Cannot extract EFI/ACPI/BGRT bootup logo

I wanted to use the bootup logo as a desktop background, so I thought I would just extract the bootup logo, which is stored somewhere in EFI/BIOS. Turns out that is supposed to be simple, just copy /sys/firmware/acpi/bgrt/image, rename it to .bmp and done. However, doing that, I do not get an actual valid BMP file. I do get the logo on startup (and I think even in the linux startup screen, so I think the kernel does manage to read the logo correctly).

I thought that maybe it is not a proper .bmp file (even though online resources suggest so), but it is just a raw BMP file containing just the pixel data, but inside the file I see strings things like GRUBX64 EFI, leading me to believe that I’m looking at the wrong bit of memory here…

Anyone have any experience with this, or some other advice?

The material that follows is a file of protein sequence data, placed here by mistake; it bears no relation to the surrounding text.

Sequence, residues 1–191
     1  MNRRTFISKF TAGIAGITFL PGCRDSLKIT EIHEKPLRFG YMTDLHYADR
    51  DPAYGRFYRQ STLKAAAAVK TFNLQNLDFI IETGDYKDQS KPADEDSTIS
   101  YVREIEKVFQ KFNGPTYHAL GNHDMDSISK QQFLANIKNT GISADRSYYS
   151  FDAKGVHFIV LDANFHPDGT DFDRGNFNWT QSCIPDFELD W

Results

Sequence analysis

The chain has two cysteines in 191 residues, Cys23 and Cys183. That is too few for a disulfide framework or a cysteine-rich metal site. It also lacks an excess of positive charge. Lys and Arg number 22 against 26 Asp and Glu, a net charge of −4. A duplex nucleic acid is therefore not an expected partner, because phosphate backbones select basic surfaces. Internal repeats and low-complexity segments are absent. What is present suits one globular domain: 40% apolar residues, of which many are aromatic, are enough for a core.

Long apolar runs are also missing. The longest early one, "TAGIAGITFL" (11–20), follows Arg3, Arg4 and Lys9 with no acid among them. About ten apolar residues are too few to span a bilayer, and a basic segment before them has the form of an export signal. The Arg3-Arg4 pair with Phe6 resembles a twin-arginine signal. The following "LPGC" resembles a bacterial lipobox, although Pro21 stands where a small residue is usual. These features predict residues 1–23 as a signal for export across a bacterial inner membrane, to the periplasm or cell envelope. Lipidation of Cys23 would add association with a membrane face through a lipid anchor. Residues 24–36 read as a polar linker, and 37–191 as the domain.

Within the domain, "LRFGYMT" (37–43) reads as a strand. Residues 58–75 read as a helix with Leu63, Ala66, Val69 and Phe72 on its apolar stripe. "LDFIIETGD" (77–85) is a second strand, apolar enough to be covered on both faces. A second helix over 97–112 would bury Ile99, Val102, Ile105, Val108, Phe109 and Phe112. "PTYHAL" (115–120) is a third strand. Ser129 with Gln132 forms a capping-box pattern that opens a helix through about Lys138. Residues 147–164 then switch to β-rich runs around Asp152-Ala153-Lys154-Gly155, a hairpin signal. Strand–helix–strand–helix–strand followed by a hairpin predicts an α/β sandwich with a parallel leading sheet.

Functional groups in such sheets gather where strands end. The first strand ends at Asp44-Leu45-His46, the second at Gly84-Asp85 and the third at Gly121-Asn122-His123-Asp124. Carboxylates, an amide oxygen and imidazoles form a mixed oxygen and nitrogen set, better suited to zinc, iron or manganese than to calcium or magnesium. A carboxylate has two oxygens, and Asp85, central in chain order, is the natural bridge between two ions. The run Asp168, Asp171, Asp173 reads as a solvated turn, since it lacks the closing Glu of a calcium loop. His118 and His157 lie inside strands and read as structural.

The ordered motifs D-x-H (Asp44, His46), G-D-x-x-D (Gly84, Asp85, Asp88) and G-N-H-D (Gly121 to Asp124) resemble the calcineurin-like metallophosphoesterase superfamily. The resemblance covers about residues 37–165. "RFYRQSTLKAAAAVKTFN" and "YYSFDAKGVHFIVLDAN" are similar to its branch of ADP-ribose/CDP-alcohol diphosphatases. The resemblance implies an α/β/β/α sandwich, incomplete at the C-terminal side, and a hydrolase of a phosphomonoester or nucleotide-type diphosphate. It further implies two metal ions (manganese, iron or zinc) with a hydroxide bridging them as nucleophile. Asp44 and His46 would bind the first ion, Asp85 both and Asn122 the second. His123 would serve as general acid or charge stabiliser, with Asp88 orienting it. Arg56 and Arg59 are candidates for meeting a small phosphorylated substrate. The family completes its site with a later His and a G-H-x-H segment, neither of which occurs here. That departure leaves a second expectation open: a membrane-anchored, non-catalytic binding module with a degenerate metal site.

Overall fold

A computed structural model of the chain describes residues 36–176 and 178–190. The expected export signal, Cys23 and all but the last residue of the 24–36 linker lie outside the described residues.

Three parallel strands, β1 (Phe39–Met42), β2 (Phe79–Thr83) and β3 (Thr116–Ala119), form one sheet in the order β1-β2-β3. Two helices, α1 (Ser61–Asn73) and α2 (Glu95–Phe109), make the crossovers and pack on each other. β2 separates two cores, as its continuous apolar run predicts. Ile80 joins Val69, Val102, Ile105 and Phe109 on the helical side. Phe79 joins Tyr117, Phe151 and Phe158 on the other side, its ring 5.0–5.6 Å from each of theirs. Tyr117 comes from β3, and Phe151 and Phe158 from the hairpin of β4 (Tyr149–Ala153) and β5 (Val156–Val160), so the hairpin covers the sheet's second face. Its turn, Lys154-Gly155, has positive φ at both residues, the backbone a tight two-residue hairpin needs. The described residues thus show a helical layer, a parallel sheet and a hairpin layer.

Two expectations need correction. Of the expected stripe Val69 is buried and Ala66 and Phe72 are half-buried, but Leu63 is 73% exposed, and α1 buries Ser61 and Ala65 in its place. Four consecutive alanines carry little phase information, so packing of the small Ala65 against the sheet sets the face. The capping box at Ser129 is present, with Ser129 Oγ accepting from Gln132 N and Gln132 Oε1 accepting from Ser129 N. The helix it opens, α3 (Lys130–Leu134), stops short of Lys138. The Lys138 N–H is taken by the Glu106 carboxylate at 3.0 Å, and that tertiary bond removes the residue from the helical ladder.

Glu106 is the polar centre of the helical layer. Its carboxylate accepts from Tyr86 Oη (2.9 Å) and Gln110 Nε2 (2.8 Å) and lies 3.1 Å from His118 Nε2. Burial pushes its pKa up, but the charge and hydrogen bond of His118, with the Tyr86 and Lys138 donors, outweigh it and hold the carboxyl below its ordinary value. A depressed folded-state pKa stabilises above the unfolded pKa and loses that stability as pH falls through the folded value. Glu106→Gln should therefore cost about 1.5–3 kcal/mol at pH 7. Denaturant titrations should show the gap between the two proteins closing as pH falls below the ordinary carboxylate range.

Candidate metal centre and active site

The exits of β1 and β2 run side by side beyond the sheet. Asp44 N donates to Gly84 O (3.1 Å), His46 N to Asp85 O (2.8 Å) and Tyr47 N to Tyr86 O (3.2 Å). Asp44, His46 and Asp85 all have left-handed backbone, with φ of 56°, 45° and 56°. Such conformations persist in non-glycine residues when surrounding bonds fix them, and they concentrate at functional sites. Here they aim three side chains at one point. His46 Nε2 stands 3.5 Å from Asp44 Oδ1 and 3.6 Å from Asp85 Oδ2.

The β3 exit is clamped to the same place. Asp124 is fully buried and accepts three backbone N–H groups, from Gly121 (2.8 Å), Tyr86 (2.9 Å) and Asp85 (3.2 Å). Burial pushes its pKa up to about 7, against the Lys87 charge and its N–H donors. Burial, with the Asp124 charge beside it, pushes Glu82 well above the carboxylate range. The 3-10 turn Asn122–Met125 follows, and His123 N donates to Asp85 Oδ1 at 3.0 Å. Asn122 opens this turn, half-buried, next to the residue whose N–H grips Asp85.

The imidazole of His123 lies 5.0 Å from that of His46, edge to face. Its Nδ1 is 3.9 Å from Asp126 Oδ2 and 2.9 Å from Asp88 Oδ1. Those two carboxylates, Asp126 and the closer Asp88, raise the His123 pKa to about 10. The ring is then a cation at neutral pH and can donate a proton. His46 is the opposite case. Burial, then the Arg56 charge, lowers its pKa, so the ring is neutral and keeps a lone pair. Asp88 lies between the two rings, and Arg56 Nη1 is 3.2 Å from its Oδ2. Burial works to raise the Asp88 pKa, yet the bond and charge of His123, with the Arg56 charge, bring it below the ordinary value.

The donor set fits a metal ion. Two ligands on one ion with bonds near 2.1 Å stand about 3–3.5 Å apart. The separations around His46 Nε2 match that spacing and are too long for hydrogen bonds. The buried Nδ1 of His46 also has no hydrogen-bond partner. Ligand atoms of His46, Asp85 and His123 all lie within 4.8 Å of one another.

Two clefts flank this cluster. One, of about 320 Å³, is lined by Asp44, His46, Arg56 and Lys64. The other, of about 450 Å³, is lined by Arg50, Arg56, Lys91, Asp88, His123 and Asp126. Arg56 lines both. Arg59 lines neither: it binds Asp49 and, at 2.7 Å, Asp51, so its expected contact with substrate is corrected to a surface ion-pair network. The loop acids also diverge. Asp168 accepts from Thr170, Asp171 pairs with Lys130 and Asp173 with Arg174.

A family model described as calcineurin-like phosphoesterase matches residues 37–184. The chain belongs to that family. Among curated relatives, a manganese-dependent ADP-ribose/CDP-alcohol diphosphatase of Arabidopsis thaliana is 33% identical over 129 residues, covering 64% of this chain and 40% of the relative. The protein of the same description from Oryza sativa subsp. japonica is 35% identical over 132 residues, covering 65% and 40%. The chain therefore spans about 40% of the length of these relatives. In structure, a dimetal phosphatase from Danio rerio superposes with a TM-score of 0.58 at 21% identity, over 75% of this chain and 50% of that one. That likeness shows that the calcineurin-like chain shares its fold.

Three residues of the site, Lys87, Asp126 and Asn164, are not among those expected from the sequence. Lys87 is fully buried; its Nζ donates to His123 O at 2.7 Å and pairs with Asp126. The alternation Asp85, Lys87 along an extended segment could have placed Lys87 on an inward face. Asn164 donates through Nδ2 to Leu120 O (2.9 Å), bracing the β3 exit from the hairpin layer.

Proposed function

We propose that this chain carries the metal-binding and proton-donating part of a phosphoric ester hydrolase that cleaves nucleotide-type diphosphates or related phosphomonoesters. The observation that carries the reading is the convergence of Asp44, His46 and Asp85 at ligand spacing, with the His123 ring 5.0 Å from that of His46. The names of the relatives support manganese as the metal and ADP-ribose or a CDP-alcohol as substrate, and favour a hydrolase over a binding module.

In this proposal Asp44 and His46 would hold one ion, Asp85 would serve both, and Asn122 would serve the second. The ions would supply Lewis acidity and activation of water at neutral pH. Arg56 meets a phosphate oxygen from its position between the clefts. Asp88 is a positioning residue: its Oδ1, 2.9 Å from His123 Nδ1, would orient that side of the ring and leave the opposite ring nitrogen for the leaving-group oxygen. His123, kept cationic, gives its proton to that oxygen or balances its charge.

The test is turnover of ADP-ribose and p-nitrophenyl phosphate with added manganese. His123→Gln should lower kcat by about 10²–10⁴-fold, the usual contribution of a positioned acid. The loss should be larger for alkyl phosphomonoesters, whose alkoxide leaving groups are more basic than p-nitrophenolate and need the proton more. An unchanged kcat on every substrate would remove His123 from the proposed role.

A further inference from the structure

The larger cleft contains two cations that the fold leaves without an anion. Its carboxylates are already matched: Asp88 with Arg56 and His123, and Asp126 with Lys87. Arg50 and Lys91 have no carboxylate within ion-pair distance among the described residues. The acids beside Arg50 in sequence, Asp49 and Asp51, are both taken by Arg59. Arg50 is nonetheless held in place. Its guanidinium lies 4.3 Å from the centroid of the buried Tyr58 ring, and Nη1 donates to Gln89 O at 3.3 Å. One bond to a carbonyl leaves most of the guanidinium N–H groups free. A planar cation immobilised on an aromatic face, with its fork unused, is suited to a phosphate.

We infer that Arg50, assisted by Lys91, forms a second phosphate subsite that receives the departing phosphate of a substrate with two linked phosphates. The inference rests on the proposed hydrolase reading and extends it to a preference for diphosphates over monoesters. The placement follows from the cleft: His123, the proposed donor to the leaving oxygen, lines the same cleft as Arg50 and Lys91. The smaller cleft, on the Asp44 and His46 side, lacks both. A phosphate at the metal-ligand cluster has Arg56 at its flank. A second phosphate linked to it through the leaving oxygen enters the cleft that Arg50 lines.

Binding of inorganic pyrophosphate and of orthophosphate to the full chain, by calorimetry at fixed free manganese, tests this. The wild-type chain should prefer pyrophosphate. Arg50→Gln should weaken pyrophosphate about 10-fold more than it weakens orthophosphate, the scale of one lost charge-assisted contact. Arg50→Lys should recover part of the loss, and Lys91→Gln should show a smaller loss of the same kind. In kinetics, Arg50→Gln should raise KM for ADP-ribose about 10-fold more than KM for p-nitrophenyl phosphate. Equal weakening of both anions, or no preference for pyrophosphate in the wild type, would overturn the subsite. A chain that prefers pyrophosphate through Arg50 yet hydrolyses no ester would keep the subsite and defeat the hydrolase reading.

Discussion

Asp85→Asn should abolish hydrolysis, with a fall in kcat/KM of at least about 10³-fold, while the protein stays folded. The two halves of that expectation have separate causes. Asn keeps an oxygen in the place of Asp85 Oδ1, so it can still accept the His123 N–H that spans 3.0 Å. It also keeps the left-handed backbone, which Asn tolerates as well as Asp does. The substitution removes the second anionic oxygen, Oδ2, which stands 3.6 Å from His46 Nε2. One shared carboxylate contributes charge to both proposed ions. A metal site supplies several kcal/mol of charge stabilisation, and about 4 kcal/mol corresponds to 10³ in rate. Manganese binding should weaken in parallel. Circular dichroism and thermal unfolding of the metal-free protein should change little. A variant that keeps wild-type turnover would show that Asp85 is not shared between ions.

Note that I’ve found a working desktop background from Framework logo Background, so I no longer need the image, but I am wondering what is wrong here and if this is maybe a BIOS or kernel bug?

I just tried this on my Arch install (kernel 5.17.1-arch1-1) and the image displays just fine.

my BIOS ver is 3.07

Ah, thanks for checking. Kernel 5.15.0-25-generic (Ubuntu 22.04) here, so maybe it’s a since-fixed kernel bug. I’m also on BIOS 3.07. I’ll try again when my kernel updates (if I remember :-p)

Now I’m curious. Can both of you share the file you get?

I’m not so inclined to share this file, since if this is indeed some (not so) random bit of kernel memory being exposed, I have no idea what’s in there exactly. It looks a bit if there might be parts of the EFI certificate store in there or something. Are you looking for something in particular?

Here’s a few of the ASCII bits out of the hex dump:





I would share it, but I can’t upload the file here. Any recommendations for a simple file host?

@Peetz0r This is the image they are talking about:

If you wanted to copy it to your desktop as a .bmp file, you could run something like this:

cp /sys/firmware/acpi/bgrt/image ~/Desktop/image.bmp

The original file is a read-only file owned by root, so to do anything with your copy you will have to change the ownership and permission of the file.

sudo chown username:username ~/Desktop/image.bmp
chmod +w ~/Desktop/image.bmp